Marvel Snap, the new card battler from Second Dinner Studios, is a refreshing change of pace for the genre, with quick games and a design built for easy phone playing. But with a lot of cards to sort through, it can be difficult to figure out how to get new ones or what to play.
Fear not, battlers. After having a blast playing this game for hours on end, here are some of my favorite decks to play in Pool 1 (and what that means), as well as how to add new cards to your collection. And after you get through Pool 1, make sure to check out our list of the best Pool 2 decks.
How to get new cards
The brief answer: Just keep playing!
The long answer: Marvel Snap ditches some of the pay-to-win mechanics of its competitors, allowing you to get every card in the game for free (randomly, though, you can’t purchase or craft specific cards). As you play, you will earn Credits (they’re blue and kind of look like computer chips) and Boosters (green, and kind of look like atoms). Credits apply to all cards, while Boosters are specific to certain cards. By using both, you can upgrade your cards into rarer, cooler-looking versions.
In addition to making you feel good about your collection, upgrading cards also increases your Collection Level. This number represents the overall strength of your collection, and is viewable at the top of the home page – it’s the number in a green border under your profile picture. Every few Collection Levels, you will unlock something – sometimes it’s Credits, sometimes it’s Boosters, but occasionally it is a Mystery Card.
Mystery Cards will unlock one random card in the “Pool” that you are in. From Collection Level 18 to 214, you are in Pool 1, and will only get cards from that Pool. Pool 2 unlocks at 222, and Pool 3 unlocks at 486 (it will take you a while to get to either of those).
So let’s just talk about Pool 1, since that’s where the majority of you are going to be. What are the easiest and best decks to execute on in the beginning stages of your Marvel Snap journey?
Here are some of my favorite options so far. Shout out to the Snap community, who have been advising each other online on different deck options, and helped me figure out what I like to play.
One-cost onslaught (aka “Kazoo”)
Key cards: Ant-Man, Squirrel Girl, Angela, Captain America, Ka-Zar, Blue Marvel, any other one-costs
This deck is the most consistent and easiest to play. It relies heavily on one-cost cards and Ka-Zar (the source of the community’s loving nickname for this deck, “Kazoo.”). Ka-Zar is a four-cost, four-power card that has an Ongoing effect where all of your one-cost cards get one extra power. Makes sense to combine him with a bunch of one-cost cards, right?
My current Kazoo deck has six one-cost cards: Ant-Man, Elektra, Squirrel Girl, Korg, Nightcrawler, and Rocket Raccoon. Ant-Man and Squirrel Girl are the most crucial one-costs, as they synergize best with Ka-Zar and some of the other mechanics in this deck. In addition to Ka-Zar, it also has other cards that synergize well with full boards of cards – Angela, Captain America, and Blue Marvel – with Onslaught and America Chavez as a pair of late game six-cost cards.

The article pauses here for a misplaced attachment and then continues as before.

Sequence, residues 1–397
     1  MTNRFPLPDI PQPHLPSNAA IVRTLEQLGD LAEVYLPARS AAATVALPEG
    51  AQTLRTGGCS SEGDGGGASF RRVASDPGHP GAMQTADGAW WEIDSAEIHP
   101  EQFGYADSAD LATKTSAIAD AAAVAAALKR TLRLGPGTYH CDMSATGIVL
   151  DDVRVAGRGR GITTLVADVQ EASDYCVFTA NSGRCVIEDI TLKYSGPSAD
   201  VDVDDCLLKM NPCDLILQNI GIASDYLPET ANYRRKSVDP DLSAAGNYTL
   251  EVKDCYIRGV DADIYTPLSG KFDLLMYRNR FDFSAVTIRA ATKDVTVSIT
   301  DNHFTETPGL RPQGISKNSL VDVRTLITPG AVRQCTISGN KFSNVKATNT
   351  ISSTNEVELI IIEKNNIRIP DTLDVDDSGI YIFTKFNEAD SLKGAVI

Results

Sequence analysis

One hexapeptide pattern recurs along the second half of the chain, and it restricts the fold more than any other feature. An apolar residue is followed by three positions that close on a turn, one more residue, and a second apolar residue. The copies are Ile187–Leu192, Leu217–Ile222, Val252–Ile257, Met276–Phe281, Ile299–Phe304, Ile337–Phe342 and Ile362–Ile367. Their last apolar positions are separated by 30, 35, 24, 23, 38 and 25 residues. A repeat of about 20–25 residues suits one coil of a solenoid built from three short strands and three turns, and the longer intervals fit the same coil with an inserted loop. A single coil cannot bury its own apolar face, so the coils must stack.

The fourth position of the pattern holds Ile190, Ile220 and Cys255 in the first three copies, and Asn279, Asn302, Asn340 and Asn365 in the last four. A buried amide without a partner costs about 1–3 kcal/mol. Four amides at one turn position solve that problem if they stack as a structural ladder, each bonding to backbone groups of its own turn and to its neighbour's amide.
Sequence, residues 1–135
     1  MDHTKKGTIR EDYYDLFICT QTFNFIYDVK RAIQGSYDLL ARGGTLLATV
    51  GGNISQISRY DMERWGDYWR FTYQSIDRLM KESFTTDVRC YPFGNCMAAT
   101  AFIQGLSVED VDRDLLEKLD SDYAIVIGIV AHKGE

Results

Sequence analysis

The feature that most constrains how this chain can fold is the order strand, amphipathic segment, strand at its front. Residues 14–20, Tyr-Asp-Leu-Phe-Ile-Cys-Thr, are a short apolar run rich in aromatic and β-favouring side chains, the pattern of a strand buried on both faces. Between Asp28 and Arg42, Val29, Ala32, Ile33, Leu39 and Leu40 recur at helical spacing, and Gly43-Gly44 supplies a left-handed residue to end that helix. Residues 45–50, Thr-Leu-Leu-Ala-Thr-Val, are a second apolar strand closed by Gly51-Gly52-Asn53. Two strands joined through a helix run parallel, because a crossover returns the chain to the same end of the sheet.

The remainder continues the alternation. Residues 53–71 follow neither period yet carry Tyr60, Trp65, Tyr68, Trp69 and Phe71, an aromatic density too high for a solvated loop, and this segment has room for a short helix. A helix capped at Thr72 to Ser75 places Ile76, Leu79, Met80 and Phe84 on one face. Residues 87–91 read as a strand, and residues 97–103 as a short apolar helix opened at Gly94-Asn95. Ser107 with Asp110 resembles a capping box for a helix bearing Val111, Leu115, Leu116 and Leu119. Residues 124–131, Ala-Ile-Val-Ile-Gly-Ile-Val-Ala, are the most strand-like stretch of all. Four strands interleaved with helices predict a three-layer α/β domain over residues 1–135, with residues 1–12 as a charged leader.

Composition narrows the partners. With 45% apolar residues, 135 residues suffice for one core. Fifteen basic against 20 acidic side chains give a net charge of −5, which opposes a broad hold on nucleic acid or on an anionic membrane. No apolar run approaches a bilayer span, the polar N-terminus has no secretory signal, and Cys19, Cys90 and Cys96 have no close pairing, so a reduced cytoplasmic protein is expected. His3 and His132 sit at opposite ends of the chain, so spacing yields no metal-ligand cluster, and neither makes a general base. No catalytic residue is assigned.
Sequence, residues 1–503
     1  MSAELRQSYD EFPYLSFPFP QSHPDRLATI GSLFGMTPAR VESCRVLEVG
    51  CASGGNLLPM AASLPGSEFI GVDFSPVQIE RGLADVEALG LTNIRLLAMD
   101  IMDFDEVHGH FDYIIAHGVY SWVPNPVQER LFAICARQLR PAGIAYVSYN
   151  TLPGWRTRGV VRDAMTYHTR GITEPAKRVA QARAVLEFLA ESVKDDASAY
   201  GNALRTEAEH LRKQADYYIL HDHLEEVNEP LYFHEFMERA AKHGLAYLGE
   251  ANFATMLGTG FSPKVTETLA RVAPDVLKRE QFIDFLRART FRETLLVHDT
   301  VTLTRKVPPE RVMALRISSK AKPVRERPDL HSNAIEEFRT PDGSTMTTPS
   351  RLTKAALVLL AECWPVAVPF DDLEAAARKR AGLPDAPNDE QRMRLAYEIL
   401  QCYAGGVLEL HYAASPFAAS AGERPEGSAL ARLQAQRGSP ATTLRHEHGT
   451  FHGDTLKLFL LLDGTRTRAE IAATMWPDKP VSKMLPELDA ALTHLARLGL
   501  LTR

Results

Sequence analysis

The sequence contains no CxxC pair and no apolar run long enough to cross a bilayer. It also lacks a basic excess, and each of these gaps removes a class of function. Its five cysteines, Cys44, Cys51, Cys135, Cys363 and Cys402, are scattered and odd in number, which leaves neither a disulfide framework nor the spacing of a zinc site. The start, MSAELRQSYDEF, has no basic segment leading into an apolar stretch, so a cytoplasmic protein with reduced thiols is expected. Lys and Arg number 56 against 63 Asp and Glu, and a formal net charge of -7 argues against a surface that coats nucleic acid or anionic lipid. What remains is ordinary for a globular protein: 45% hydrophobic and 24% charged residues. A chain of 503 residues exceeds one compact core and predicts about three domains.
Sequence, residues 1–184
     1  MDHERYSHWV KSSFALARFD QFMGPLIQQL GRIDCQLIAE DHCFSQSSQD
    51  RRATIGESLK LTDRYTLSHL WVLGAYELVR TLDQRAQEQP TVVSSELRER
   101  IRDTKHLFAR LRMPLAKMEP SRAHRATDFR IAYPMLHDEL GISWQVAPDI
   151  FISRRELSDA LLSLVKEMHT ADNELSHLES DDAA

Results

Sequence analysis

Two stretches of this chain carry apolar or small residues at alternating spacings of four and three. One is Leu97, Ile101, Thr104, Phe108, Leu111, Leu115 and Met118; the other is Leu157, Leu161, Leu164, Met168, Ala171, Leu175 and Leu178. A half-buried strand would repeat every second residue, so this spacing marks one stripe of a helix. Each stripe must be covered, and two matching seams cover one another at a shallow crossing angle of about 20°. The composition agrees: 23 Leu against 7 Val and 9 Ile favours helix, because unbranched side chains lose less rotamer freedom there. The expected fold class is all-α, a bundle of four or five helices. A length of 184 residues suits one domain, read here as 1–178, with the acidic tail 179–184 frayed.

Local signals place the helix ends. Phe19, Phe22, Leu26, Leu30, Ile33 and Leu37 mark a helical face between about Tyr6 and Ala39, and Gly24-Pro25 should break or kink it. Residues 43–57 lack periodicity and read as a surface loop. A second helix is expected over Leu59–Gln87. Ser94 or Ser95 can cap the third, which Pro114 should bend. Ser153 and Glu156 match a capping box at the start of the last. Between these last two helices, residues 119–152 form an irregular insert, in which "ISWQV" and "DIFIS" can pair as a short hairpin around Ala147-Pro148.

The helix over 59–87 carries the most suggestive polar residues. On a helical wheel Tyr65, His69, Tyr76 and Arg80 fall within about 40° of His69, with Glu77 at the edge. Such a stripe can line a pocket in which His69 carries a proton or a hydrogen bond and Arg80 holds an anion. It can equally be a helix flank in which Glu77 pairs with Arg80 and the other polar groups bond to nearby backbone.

Key cards: Mantis, Cable, Sentinel, White Queen, Devil Dinosaur
This one is my favorite to play, although it takes some practice and patience to master. This deck relies on you stuffing your hand with cards, as the Devil Dinosaur gets +2 power for each card in your hand.
That’s why the other key cards listed here are all ones that lead to you drawing additional cards – when you play Devil Dinosaur, you want to make sure you’re getting as much value as possible. That means take extra care to think about playing each card – sometimes it makes sense with this deck to simply pass on early turns. Jessica Jones and America Chavez are also both greats fit here; both are good cards generally, but Jessica Jones’ ability encourages you not to play more cards, while America Chavez is a guaranteed six-drop to follow up your dino.
Key cards: Ironheart, White Tiger, Odin
The reveal mechanic is a critical one in Marvel Snap. It is an effect that activates when the card is revealed (cards are first played face down before being turned over). The six-cost Odin is a very powerful Pool 1 card, as its reveal effect activates the reveal effects of all your other cards at that location. That means if you’ve stacked three other reveal cards and then play Odin, those abilities will activate a second time (or, if these cards are on the Kamar-Taj location, where reveal abilities activate twice, a third and fourth time).
That can lead to some powerful combinations, particularly with Ironheart (who gives three of your cards +2 power) and White Tiger (who summons a 7-Power monster to a friendly location).
There are lots of cards with Reveal mechanics in the game. Feel free to tinker with what feels best, but the White Tiger + Odin combination in the late game is hard to beat.
Ongoing (or, the Enduring Iron Man)
Key cards: Ant-Man, Mister Fantastic, Namor, Iron Man, Spectrum
Like the reveal mechanic, ongoing is pretty straightforward: They are effects that persist in perpetuity (unless your opponent uses a card like Enchantress that can nullify them). Also like reveal, there are a ton of ongoing cards in the game, so mix and match to find what you like best.
In my view, it’s most important to have at least two of Namor (who can win you a location by himself), Iron Man, and Klaw when trying this deck, to give you a decent chance at having some later game power. Iron Man in particular is very strong – he doubles the power of whatever location he’s at, so he’s a nice top-off to whatever else you have going on. With Namor locking down one location for you, all you have to do is win another, and it’s a solid bet that either Iron Man or Mister Fantastic/Klaw (both of whom increase the power of multiple locations) can handle the other for you.